Gloves? - Page 2 - Woodworking Talk - Woodworkers Forum
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post #21 of 25 Old 04-24-2019, 06:06 AM
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Quote:
Originally Posted by gj13us View Post
Are there fingerless gloves that would be good for typing on a computer? No joke. My office is drafty and gets so cold sometimes that its gets hard to type.
Yes.

In addition, some are designed to provide some carpal tunnel relief. Don't believe the exaggerated hype about carpal tunnel support. Some help, some don't, and each person is different. Set your expectations low.
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post #22 of 25 Old 04-24-2019, 03:34 PM
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And so do baseball players, football players, golfers, everyone's wearing gloves.
They don't lose fingers, either.

A diamond is how coal reacts under pressure.
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post #23 of 25 Old 04-25-2019, 02:08 AM
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It's worse than that.

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Originally Posted by sgcz75b View Post
It wasn't that long ago when no one used dust collection, face masks, safety glasses, and hearing protection.

Now there's very few who don't realize the benefits of such measures.
I've worn ear protection for a good 30 plus years in computer rooms. Still I have to wear hearing aids from the first 5 or so years of working in computer rooms w/o ear protection and age (77). I took a few woodworking classes at a community college. These classes are usually 50% old pharts like myself needing to enhance their skills and 50% young kids looking to fill an elective course.

Usually in the first meeting of the class, I would take out the hearing aid and tell the students that they could buy a pair at Costco for about $2000 or ear protection muffs for about $20 at HD.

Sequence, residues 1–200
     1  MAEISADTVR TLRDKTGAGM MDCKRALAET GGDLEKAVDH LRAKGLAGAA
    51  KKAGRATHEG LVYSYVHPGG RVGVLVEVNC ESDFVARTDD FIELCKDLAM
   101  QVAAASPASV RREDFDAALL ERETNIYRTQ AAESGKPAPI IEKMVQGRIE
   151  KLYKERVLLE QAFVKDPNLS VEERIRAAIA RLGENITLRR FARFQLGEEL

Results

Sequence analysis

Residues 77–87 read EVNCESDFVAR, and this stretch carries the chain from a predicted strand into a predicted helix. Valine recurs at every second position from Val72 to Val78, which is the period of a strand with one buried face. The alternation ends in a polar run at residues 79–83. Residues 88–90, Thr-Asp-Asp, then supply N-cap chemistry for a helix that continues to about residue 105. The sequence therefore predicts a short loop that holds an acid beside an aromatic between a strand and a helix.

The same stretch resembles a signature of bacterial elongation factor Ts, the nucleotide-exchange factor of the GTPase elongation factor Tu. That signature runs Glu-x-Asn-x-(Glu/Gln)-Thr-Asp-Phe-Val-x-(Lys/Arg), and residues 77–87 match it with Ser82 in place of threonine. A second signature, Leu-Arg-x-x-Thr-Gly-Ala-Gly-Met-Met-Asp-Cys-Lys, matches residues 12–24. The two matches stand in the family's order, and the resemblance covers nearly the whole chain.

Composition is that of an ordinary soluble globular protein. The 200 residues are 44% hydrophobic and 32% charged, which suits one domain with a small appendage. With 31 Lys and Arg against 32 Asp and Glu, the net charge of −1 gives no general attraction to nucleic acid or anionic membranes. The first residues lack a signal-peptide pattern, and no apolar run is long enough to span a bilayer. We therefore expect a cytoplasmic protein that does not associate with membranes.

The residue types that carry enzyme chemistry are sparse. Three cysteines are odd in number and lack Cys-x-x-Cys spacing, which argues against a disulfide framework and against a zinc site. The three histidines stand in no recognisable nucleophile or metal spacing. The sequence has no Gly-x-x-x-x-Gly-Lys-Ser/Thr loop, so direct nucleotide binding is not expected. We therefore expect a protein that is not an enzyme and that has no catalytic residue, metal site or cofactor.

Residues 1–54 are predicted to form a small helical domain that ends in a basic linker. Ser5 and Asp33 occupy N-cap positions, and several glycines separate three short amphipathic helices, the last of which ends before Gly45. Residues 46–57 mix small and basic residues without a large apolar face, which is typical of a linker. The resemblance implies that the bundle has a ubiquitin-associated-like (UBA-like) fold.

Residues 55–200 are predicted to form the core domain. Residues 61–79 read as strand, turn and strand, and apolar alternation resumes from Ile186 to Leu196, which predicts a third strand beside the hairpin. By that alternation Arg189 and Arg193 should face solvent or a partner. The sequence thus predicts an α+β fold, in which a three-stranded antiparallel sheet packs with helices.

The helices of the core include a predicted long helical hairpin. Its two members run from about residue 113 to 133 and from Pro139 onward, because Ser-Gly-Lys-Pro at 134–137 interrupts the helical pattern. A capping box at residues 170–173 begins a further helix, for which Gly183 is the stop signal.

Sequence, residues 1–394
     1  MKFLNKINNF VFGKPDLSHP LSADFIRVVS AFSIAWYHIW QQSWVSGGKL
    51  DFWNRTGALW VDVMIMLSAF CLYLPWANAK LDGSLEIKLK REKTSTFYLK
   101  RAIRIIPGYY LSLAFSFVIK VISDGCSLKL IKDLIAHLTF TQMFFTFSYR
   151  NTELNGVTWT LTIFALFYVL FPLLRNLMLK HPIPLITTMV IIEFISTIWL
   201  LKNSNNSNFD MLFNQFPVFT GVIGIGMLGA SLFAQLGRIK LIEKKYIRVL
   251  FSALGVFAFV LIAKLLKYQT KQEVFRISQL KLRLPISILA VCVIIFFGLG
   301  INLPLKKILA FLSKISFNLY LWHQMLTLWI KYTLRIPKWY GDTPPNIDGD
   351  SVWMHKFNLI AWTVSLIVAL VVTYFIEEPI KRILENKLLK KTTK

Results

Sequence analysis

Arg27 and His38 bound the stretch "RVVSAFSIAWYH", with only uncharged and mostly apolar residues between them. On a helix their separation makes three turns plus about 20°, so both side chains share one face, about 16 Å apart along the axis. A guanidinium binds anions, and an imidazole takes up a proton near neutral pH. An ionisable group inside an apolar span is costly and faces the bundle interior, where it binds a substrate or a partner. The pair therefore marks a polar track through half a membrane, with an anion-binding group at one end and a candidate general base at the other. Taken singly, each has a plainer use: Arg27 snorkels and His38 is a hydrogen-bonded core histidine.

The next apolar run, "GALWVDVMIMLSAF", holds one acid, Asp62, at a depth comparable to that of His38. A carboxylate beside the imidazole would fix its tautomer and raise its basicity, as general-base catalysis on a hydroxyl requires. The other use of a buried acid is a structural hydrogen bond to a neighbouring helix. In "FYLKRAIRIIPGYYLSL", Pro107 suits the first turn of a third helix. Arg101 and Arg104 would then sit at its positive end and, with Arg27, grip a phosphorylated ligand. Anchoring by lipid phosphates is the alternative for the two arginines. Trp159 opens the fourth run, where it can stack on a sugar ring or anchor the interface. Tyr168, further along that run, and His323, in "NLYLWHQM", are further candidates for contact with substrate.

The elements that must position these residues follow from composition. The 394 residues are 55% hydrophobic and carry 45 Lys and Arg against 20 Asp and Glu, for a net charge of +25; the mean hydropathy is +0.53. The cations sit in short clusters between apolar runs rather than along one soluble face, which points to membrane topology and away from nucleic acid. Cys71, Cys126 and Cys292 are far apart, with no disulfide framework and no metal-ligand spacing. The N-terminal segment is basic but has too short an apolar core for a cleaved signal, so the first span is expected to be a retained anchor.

About 3 weeks into the semester, I was the only one with ear protection. I had a coupon from Harbor Freight and the muffs were on sale. I bought 10 pair, about $21 total. I got to class early and put the muffs in a box with a sign, "Free but if you take one you must wear it in the shop".

It took over a month before all 10 pair were taken. Our class room was used for about 12 classes a week.

How does it go? You can lead a horse to water but you can't make it drink.

As for the fingerless gloves. . . GE issued them to all wiremen that did lacing of cables for the Apollo project. I still have mine. And "No I don't wear them near rotating machinery."

Rich
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post #24 of 25 Old 04-25-2019, 10:11 AM
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Rich, remember that those kids know everything. It is later in life that they learn. Enjoyed your post on hearing protection.

The fellow who taught me to shoot skeet started when hearing protection was unheard of (no pun intended). He wore two powerful state-of-the art hearing aids that was available in the mid 60s.

A diamond is how coal reacts under pressure.
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post #25 of 25 Old 04-25-2019, 11:43 PM
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It depends. In a "wood shop" where you are doing detailed measuring with steel rulers and protractors etc maybe not or finger-less. But for rough construction outside it it a good habit to get into (fewer splinters and the wasted time to remove them - fewer skin infections). I use nitril gloves for mechanical work to repel grease and chemicals and paint, leather for welding - mandatory, leather with nitril liner for concrete - mandatory. The husky velcro gloves are ok but wear very fast. I like size XL in nitril so I can reuse the gloves - hang them to dry out and keep baby powder. Plumbing Velcro to avoid contaminating the copper to be soldered. Nitril for other tasks - drains etc.

Last edited by mrbios; 04-25-2019 at 11:45 PM.
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